According to this interpretation uruk-hai are “orcish” in that way they have a orcish part or are belonging to the Uruk society. In the same way the Olog-hai are “trollish” and the Oghor-hai are part of or belong to the woods – “woodish”.

See also “10. A definite article?” below.

9. The question of Hyphens
The hyphens seen in nouns are problematic because they do not really fit the Hurrian language structure. The Hurrian language has long suffix chains for both the verb and the noun. But we only have examples of this kind of structure for verbs in the Black Speech.

We have two types examples of nouns with hyphens both involving suffixes; the suffix -hai following uruk, olog, and oghor respectively and the suffix -ishi following burzum in the ring Verse. The hyphen does not appear in the tengwar version of the Ring inscription. I seems like the hyphen is only used with grammatical endings. Word conjunctions are clearly possible like nazgûl (nazg+gûl). But in the Orc-curse ‘glob’ is attached to ‘Saruman’ with a hyphen “Saruman-glob”, probably because ‘Saruman’ is a name and maybe because it is neither Orcish or of the Black Speech.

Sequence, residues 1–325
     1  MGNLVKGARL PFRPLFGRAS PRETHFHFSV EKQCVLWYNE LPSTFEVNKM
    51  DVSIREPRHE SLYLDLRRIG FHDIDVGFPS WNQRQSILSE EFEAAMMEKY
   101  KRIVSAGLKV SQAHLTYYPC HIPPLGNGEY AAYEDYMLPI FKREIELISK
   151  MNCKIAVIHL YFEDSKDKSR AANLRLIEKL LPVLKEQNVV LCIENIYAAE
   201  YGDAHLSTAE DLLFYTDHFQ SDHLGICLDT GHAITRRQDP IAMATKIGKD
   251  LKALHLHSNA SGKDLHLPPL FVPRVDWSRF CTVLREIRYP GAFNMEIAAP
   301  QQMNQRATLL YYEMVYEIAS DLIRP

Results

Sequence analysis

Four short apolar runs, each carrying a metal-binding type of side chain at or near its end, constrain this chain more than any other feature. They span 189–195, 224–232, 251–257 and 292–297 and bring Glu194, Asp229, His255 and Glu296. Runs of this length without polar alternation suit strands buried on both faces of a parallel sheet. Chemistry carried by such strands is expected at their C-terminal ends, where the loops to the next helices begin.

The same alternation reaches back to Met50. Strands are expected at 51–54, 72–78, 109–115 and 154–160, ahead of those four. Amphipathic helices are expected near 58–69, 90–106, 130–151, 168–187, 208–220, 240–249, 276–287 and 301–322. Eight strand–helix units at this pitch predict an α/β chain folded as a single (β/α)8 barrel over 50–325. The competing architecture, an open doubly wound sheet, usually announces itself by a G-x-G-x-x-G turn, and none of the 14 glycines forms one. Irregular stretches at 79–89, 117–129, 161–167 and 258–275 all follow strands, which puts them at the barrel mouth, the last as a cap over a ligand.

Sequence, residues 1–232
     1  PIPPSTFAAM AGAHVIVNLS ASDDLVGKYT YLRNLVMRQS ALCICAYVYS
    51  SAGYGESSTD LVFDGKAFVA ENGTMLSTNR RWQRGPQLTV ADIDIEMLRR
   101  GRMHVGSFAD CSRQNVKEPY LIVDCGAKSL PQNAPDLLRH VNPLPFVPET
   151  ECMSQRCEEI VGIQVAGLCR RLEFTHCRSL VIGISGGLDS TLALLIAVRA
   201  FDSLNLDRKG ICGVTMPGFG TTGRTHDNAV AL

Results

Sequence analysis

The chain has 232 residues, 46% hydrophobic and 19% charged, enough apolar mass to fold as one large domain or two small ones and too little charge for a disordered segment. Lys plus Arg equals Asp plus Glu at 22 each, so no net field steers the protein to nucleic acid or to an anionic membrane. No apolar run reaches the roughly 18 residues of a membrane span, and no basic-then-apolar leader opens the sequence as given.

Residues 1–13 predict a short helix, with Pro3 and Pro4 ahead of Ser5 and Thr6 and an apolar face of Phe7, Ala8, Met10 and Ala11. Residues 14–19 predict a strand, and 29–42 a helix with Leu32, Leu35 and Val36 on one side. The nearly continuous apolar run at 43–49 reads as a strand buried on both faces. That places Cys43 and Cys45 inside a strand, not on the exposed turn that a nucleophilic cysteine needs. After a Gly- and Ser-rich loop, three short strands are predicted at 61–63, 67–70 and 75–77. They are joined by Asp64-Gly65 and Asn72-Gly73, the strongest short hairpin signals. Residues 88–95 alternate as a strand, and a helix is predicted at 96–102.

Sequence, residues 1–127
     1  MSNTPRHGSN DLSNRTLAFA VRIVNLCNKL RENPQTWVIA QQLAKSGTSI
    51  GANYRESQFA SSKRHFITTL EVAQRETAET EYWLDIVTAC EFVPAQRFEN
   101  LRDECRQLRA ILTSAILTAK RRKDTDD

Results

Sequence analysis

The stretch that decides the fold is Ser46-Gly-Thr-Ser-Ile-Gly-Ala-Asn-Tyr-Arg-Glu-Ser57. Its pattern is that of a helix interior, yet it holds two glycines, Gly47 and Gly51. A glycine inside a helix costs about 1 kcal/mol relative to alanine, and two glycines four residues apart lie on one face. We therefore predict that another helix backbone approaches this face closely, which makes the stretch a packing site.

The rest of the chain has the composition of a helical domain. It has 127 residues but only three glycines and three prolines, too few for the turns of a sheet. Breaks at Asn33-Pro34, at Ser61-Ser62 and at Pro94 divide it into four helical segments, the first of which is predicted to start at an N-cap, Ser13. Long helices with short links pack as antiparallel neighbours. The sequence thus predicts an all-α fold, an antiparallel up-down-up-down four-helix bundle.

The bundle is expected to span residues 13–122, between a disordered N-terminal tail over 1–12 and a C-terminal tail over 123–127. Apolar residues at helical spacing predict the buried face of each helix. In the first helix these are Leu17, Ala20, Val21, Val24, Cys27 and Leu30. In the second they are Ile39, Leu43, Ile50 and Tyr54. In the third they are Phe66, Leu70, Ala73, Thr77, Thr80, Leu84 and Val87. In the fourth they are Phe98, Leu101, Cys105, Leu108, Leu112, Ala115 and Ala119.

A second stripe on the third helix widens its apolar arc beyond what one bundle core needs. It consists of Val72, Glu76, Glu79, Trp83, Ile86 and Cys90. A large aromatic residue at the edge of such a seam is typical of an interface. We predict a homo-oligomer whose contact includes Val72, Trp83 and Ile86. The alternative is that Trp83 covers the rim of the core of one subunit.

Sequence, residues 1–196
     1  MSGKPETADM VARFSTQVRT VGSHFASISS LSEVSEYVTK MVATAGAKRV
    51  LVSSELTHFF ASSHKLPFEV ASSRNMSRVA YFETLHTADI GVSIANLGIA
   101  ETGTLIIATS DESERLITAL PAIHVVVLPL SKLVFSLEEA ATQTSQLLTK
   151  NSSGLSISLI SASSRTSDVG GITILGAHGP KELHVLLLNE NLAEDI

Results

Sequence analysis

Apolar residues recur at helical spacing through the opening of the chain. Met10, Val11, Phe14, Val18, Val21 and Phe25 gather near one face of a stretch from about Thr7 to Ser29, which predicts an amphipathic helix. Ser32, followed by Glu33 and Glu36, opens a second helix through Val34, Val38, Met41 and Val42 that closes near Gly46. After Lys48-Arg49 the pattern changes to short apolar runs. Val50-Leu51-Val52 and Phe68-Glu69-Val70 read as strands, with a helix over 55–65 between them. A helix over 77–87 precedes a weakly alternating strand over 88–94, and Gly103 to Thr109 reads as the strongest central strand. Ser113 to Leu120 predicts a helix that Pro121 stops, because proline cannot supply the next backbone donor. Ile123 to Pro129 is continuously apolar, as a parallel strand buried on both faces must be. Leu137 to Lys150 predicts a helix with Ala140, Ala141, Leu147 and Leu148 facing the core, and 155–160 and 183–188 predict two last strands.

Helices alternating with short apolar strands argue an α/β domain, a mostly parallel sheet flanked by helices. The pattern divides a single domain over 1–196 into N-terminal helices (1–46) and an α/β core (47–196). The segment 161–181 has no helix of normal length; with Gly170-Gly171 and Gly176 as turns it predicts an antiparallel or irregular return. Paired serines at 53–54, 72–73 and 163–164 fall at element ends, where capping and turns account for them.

There are two ways treat the hyphen. Either ignore it as Craig-analysis or as inte the Land of Shadow-analysis always put a hyphen between nouns and suffix. To use a hyphen is clearly more in line with the Tolkien original spelling. But what does the hyphen mark?

In the first version of Zhâburi the hyphen is used to clarify that two letters don’t form a digraph, e.g. not kh in uruk-hai/*urukhai, or some other forbidden sound combination. This solution is not consistent with the spelling of burzum-ishi and maybe not oghor-hai depending on whether rh is allowed or not. This solution is clearly not satisfying.

I have the following hypotheses: 1) It is just superficial and reminds of how cuneiform is transcribed like ‘hurro=he’ (hurrian). 2) It has something to do with the formation of nouns. 3) It indicates that the ending is pronounced as a free word in it self even though it is part of the noun.